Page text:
A common market in the western Balkans could help unblock flows of much-needed foreign direct investment, the EBRD’s regional director Holger Muent told GlobalMarkets.
However, the idea, which he said would “not only boost trade between countries but also encourage external investors to come into the region and use it as a base from which to service larger markets” has encountered profound scepticism from neighbours. Albania and Kosovo are expected to push back against what they are fear are attempts by Serbia, the region’s largest economy, to dominate the project.
Although the initiative was announced at a regional summit with the theoretical backing of all six countries, Kosovan prime minister Isa Mustafa took to Facebook to express his scepticism about the project. “The common market is not in the same interest of all countries,” he posted. “I don’t expect Kosovo to be enthusiast about the proposal. We don’t want the past to return to us in different packaging.”
Proposals for a unified market covering the six non-EU countries in the region — Serbia, Bosnia, Montenegro, Macedonia, Kosovo and Albania — were announced in March by the bloc’s commissioner for neighbourhood policy and enlargement negotiations, Johannes Hahn.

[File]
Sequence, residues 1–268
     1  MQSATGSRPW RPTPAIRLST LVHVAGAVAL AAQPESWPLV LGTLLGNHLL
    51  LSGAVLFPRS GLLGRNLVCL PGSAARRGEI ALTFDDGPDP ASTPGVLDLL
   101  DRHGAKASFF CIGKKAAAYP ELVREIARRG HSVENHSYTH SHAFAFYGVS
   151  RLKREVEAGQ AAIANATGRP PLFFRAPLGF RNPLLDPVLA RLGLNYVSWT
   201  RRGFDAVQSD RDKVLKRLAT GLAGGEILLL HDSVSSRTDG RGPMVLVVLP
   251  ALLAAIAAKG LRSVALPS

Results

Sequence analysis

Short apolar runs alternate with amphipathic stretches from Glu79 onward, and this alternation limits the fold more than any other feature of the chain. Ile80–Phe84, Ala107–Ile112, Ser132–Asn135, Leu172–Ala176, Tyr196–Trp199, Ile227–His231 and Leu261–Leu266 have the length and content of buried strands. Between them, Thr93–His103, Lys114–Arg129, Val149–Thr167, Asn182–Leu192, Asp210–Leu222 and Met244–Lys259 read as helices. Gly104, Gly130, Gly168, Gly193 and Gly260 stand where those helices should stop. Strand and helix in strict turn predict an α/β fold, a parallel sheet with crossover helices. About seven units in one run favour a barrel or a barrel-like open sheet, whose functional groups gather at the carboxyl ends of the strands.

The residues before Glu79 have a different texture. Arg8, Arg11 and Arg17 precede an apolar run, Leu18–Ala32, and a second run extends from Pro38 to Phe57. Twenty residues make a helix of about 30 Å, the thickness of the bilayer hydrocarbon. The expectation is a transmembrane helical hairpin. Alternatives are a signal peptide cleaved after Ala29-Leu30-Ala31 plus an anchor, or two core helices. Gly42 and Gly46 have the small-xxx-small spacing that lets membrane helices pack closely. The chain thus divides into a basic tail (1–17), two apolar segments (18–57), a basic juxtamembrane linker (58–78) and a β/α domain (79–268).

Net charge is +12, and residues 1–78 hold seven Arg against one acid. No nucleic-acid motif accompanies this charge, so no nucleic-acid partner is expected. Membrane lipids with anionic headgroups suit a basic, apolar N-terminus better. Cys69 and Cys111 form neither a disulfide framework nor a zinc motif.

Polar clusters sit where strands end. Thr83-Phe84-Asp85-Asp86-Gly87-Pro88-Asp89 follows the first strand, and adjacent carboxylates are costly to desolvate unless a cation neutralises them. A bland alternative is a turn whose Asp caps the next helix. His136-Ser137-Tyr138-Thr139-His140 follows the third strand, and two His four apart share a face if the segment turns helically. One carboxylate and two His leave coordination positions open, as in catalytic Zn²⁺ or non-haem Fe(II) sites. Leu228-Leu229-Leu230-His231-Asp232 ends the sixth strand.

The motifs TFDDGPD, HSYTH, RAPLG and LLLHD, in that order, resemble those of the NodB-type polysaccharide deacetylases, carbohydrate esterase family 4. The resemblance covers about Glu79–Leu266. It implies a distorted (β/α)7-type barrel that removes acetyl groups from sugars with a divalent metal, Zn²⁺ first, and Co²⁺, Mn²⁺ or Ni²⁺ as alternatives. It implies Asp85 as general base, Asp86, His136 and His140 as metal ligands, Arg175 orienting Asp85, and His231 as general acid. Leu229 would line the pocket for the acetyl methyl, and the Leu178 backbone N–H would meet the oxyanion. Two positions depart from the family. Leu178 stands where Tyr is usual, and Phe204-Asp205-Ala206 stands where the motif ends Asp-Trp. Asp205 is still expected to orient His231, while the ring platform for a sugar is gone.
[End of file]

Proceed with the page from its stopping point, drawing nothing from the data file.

Combining the six countries would create a market with a population of 18.3m and GDP of $88.1bn. “The individual countries are very small so it makes sense to look at the whole region as one market,” said Muent.
NEXT STOP — EU
The six states are already members of the Central European Free Trade Agreement, another EU-sponsored project launched in 2006. The initiative has failed to produce the expected boost to intraregional trade and inward investment, however, prompting the EU to launch the new proposals.
Representatives of the EU have also indicated that the establishment of a common market could facilitate the eventual integration of the member countries into the larger bloc.
“What is important is that it is all framed in the context of EU approximation, so it is not a distraction from that process but part of the process,” said Muent. “If these countries become members of the EU that would obviously mean that trade barriers need to be removed, and standards and regulation harmonised.
“There is still a long way to go to accession, particularly for those countries that have not yet achieved candidate status, but providing something along the way that is tangible and makes sense is a positive step.”
Only Serbia, Macedonia, Albania and Montenegro have so far been granted official candidate country status by the EU.
Despite the benefits of integration, however, Muent warned that it would not be easy. “There would be a lot more to do in terms of harmonisation of standards, certification etc.”